Summing up: Watchdog can’t ignore clarity clamour

Jeff Salway. Picture: Jane Barlow
Jeff Salway. Picture: Jane Barlow
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THE investment management industry has long seemed like the naughty kid who somehow keeps getting off lightly – but its luck could finally be running out.

While banks, insurers and pension providers have been under the full regulatory glare in recent years, the fund firms running the billions of pounds that ordinary investors and pension savers diligently put away have had an easy ride.

That it’s still not possible for those investors to know exactly what they’re paying for their Isas and pensions – regardless of how a fund is performing – or why, is apparently acceptable.

The UK has fallen well behind both European and certain national regulators in making fund houses come clean. Is this about to change?

Last week the Financial Conduct Authority (FCA) announced that later this year it will launch a “market study” on asset management to scrutinise the charges paid by investors and the factors driving those charges.

It’s been here before, of course, but previous investigations into the industry have generated only half-hearted action. An FCA review last year found that the information provided on charges was too often unclear and misleading. So how did it respond? It effectively left the industry trade body, the Investment Association, to put things right. The association’s tactic of making just enough concessions to buy time and keep the regulator happy is working too. But this won’t wash for much longer. The pressure on the regulator to go a step further is growing, not least due to moves in Europe (particularly in the Netherlands) towards full disclosure.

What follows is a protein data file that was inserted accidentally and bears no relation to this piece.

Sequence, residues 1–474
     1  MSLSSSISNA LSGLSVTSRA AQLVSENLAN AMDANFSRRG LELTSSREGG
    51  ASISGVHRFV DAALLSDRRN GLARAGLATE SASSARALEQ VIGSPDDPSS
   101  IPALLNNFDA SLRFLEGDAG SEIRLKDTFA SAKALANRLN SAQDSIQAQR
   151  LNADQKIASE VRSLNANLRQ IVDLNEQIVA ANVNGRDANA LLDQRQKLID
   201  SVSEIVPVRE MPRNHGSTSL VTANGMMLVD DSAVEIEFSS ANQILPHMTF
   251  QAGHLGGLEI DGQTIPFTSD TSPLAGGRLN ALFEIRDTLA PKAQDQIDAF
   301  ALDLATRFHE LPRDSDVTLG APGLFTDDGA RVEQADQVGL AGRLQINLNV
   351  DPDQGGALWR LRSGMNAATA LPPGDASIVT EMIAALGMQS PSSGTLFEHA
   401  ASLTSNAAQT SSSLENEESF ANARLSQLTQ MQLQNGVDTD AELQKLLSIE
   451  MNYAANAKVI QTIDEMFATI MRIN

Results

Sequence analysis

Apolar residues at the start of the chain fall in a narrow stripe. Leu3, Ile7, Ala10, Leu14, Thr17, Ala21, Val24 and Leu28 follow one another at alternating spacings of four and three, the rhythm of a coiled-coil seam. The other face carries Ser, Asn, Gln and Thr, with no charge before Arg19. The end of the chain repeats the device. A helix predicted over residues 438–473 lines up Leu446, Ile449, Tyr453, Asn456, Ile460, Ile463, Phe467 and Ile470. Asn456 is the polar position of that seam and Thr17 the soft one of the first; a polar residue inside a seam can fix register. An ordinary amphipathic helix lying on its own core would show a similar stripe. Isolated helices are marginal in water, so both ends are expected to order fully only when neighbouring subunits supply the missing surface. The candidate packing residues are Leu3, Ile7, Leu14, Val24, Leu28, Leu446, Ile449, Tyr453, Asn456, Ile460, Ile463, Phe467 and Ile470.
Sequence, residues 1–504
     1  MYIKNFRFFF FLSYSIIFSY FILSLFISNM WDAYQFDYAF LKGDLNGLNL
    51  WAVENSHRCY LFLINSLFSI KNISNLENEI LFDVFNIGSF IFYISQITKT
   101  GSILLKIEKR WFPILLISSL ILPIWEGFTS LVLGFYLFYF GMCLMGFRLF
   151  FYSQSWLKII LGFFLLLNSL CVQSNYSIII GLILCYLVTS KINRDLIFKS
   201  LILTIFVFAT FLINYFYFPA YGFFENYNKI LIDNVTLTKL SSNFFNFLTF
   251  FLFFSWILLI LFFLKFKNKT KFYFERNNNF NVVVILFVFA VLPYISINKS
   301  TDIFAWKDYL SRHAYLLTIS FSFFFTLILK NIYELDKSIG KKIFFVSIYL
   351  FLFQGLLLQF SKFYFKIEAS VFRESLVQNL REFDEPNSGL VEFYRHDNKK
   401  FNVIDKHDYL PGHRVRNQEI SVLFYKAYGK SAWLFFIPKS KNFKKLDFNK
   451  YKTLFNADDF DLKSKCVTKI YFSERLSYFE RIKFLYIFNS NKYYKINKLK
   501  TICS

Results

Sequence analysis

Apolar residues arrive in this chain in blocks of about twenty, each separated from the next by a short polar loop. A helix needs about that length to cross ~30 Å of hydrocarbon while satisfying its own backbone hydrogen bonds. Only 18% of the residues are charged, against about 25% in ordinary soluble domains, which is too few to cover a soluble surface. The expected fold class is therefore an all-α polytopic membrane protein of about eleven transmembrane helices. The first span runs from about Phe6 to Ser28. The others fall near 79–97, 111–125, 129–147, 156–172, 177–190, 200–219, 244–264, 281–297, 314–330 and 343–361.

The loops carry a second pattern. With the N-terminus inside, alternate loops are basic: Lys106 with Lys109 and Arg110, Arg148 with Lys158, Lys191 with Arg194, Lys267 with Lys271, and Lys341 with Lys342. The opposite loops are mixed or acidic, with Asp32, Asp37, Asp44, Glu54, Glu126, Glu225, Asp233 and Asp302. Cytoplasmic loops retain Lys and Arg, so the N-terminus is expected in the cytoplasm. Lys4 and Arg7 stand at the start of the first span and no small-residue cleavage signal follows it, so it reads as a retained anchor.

From next month, the UK will impose a new 0.75 per cent charge cap on default funds in defined contribution schemes used for automatic enrolment. But while this is welcome, industry lobbying resulted in a range of costs that are ultimately borne by pension savers being left outside the cap. So it’s the kind of measure that in seemingly addressing the level of charges obscures the wider issue of transparency.

The fund industry insists, often very persuasively, that it’s not possible to know, let alone disclose, the full cost of investment. This simply isn’t true. There’s a growing army of activists out there working tirelessly to analyse data and show that it can be done.

Up to four-fifths of fund costs are being kept hidden, according to research published last year by The Pensions Institute. It found that the “visible” costs (covered by fees, taxes and so on) accounted for just 18 per cent of the actual costs incurred by investors.

How is this good enough, more than a decade after the Sandler Review accused fund managers of reporting charges in a way that was “neither clear nor consistent”?

Next month the biggest pension reforms in generations will result in many more people managing their own pension investments, while automatic enrolment means millions more people are saving into workplace schemes.

Yet there’s still no way they’ll be able to know how much they’re paying for their investments or make fully informed comparisons. There’s no reason to expect the regulator to get it right in its next look at the sector. But sentiment is changing and as others shine more light on fund charges, the FCA may have no choice but to finally act decisively.